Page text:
Leah Paris and Lyzz Harmer had to hose down each one of the 30 horses in their care during the heat wave last weekend. (Paris Equestrian/Special to The News)

Leah Paris and Lyzz Harmer had to hose down each one of the 30 horses in their care during the heat wave last weekend. (Paris Equestrian/Special to The News)

Horses at Maple Ridge riding school ride out heat wave thanks to extra love and care

Had to be hosed down with cold water four times a day

Staff at a Maple Ridge horse riding school went above and beyond trying to help their horses through the heat wave that hit the province last weekend and early into the week.

While temperatures reached a record highs across Maple Ridge and Pitt Meadows, staff at Paris Equestrian were busy trying to keep their horses alive.

There are around 30 horses at Paris Equestrian – about 60 per cent belong to the school and the other 40 per cent people who board their horses in their stables.

Business owner and head coach Leah Paris, along with assistant trainer, Lyzz Harmer, and the rest of the staff spent much of their time hosing off the horses with cold water to prevent them from overheating.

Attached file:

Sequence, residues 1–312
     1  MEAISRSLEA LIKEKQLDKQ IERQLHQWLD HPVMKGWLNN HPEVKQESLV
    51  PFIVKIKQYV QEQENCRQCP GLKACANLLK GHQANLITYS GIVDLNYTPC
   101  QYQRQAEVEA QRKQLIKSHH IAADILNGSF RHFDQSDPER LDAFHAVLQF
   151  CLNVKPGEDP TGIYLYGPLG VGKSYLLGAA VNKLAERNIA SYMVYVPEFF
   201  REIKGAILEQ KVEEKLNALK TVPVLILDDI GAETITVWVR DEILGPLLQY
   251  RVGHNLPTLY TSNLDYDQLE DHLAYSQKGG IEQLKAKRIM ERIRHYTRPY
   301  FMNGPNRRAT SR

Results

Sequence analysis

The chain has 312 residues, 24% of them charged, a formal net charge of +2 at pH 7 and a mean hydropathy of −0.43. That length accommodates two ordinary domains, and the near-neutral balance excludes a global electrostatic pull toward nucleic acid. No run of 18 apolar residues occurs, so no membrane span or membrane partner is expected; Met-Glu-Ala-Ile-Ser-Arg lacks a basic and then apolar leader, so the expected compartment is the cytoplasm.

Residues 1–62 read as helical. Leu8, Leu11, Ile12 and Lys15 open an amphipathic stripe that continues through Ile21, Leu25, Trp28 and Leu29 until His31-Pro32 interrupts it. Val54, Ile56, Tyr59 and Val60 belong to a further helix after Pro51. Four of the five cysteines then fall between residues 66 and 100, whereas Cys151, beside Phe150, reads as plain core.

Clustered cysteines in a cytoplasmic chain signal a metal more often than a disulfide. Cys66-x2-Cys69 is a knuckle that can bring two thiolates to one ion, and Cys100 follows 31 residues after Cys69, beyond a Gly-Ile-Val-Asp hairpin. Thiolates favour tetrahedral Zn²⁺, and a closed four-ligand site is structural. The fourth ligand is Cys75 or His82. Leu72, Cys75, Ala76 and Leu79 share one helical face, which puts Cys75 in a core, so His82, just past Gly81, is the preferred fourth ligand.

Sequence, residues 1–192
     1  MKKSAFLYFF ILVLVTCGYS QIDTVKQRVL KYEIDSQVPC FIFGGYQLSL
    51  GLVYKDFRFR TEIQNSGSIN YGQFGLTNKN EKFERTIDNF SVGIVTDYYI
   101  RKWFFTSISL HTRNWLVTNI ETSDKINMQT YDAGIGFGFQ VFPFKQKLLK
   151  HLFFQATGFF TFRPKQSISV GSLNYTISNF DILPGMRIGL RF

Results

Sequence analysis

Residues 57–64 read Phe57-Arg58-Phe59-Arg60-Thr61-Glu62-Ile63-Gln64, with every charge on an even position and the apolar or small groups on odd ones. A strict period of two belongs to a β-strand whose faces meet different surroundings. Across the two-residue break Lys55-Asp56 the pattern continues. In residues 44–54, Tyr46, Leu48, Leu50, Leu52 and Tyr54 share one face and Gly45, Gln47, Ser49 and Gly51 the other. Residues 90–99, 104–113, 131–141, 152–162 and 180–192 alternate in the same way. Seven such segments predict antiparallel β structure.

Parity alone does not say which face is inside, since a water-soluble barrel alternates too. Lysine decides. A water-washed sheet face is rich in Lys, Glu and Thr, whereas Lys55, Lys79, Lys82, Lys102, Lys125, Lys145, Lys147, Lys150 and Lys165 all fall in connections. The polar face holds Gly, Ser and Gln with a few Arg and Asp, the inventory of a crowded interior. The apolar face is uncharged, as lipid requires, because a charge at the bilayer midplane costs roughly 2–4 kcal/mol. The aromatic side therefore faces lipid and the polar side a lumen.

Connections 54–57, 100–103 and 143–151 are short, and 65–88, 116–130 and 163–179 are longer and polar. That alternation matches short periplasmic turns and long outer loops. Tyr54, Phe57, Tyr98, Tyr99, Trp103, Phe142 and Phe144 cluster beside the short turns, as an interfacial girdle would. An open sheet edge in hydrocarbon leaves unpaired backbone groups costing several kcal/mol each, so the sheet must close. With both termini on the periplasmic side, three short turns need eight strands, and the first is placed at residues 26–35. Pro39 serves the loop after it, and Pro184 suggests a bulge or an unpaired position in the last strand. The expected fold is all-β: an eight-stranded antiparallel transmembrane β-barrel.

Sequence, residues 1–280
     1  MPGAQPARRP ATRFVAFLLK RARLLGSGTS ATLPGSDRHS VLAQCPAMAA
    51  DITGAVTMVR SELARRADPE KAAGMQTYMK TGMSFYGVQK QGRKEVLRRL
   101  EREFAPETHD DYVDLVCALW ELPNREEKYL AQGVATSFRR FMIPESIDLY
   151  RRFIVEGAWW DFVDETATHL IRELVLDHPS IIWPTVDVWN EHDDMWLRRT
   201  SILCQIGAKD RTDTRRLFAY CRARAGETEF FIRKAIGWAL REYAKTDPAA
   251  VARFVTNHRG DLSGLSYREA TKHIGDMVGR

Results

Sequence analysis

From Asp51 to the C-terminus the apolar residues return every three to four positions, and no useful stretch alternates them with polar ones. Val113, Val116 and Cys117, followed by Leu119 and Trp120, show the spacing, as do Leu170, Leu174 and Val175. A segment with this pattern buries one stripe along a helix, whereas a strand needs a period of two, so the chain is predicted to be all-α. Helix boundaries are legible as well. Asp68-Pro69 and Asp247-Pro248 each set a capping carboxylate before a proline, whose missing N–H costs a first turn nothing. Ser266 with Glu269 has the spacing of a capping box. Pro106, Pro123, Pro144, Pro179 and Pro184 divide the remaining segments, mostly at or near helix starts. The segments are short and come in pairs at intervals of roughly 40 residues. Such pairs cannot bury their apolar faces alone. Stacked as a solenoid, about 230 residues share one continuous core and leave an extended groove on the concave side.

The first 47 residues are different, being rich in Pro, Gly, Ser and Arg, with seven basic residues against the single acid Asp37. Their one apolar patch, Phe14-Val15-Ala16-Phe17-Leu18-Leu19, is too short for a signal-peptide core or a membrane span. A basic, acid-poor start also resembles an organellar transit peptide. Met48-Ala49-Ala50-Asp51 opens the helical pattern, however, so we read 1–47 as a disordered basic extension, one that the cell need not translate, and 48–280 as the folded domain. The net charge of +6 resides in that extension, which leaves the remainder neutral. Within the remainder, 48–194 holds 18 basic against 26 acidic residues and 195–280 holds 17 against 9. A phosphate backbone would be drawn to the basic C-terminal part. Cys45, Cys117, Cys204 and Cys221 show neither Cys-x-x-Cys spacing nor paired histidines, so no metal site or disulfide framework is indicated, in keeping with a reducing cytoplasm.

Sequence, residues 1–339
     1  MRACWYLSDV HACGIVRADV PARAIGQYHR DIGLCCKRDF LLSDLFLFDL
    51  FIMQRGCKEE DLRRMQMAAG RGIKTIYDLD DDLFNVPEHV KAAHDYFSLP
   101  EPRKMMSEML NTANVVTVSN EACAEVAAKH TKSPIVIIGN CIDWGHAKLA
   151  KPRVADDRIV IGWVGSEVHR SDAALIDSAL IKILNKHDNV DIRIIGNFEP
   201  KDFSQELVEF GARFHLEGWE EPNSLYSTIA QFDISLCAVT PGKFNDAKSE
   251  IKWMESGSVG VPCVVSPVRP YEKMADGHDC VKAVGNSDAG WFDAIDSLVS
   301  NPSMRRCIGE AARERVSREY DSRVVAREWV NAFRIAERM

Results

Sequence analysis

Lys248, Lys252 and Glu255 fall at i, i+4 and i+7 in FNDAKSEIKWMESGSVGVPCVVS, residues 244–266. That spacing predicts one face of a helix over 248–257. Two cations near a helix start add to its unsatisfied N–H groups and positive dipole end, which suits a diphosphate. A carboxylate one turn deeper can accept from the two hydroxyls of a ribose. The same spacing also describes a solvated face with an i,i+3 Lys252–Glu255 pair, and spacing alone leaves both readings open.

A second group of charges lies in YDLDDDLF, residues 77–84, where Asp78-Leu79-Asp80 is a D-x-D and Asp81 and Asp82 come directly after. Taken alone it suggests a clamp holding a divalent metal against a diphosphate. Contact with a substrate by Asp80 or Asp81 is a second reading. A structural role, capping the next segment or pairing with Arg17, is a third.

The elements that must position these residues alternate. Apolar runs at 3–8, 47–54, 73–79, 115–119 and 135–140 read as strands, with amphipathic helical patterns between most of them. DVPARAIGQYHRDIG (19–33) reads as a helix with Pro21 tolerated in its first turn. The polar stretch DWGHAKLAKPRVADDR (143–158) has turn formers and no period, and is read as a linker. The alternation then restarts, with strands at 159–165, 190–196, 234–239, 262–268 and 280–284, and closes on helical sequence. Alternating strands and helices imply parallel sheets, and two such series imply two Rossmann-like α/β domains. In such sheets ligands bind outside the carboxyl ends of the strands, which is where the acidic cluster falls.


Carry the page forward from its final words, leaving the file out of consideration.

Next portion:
Four times a day teams of two would go out to the barn and hose down each horse, spending hours trying to cool them off.

“Overheating in horses, as it is with any animal, is especially dangerous because they can have lots of health problems,” explained Harmer.

Colic being one of the most serious.

“Colic is something that every horse owner dreads. Basically it’s a type of stomach ache that horses can get that can be fatal,” Harmer noted.

The condition can be caused by many things, but one of the main causes is dehydration.

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On Monday the temperature across Maple Ridge and Pitt Meadows hit a record 41.4 Celsius, shattering the previous record set in 2009 of 37.6 C.

Old records were broken three times during the heat wave with a high of 40 C on Sunday and 37.8 C on Saturday.

So in addition to hosing off the horses, the team gave them food with extra water in it and also added electrolytes and loose salt content to their feed.

They also had to keep the horses out of the sun, which meant getting up early in the morning to let them out for a run to beat the heat of the afternoon.

A horse in distress will start panting. Symptoms of colic are excessive sweating, either no bowel movements or the opposite, diarrhea, the horse can collapse, or they will roll on the ground in an attempt to relieve the stomach ache.

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“And that’s very dangerous because they can twist their gut and that’s typically fatal – or if not fatal a very expensive vet bill,” said Harmer.

The school had to cancel all of their riding lessons over the weekend, for the safety of the riders, as well as the horses.

However, they made it through the heat wave without any issues.

“We were pretty lucky,” said Harmer.


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